Alumnus credits entrepreneurial curriculum to his success
Patrick Pawlowski ’13 mechanical engineering credits his undergraduate engineering experience for his early career success.
As an undergraduate, Pawlowski interest was in entrepreneurial engineering. The Detroit Mercy curriculum matched his career objectives.
As an undergraduate, Pawlowski worked on the Soup Spoon project which is a utensil made for people whose hands shook too much for them to eat soup.
“The engineering program put more of a focus on innovation and did a great job introducing different problem-solving techniques,” said Pawlowski. “Inside and outside of school, I started to recognize fundamental problems in daily life and opportunities of innovation and advancement of technology to solve these problems.”
“I have always been a very hands-on learner and a solution-driven person,” said Pawlowski. “Engineering students are exposed to a variety of opportunities, and the curriculum does a great job helping students develop what I would call their ‘engineering personalities’ so that when they graduate they have some sort of identity and experience to start their careers.”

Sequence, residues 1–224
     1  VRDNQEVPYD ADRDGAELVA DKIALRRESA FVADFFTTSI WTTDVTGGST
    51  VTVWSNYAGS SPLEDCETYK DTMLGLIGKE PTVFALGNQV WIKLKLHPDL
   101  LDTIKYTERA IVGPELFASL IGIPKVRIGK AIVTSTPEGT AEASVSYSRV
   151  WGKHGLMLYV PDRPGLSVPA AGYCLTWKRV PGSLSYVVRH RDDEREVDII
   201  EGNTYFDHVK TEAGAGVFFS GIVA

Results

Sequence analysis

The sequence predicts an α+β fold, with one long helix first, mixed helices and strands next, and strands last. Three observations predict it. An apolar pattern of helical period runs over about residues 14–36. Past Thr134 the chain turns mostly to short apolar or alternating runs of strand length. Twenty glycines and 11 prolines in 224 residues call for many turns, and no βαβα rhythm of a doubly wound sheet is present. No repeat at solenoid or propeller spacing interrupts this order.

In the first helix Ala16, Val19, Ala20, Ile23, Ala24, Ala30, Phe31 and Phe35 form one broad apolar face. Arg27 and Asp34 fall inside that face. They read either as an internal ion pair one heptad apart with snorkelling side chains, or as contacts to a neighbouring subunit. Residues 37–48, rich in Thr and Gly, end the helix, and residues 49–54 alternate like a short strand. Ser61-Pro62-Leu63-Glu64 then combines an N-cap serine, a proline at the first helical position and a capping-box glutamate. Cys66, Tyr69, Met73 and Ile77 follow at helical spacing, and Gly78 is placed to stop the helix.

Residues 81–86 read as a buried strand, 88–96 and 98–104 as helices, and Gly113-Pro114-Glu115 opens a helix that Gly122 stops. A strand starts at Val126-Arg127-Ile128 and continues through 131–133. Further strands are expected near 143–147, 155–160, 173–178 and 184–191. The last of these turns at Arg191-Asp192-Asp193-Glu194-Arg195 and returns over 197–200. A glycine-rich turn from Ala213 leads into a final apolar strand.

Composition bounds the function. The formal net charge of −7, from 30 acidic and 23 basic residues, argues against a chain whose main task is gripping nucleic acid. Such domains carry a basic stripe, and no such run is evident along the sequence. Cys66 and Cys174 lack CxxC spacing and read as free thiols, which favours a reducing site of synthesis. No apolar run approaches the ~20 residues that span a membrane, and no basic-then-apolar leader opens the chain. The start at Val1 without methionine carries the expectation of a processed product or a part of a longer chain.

Pawlowski credits his faculty mentors in mechanical engineering, Dr. Darrll Kleinke and Dr. Nassif Rayess.
“(Pawlowski) always looked at design work in terms of creating economic and societal value,” said Rayess. “He always was able to articulate his ideas in terms of the economic value that will befall his stakeholders. He exemplified what we have come to term as an entrepreneurially minded engineer.”
Pawlowski’s current entrepreneurial endeavor is making guns with a biometric tigger lock.
Read more about Pawlowski’s entrepreneurial endeavor in The Varsity News article, “Work of ’13 Alum Could Prevent Gun Tragedies Like Newton.”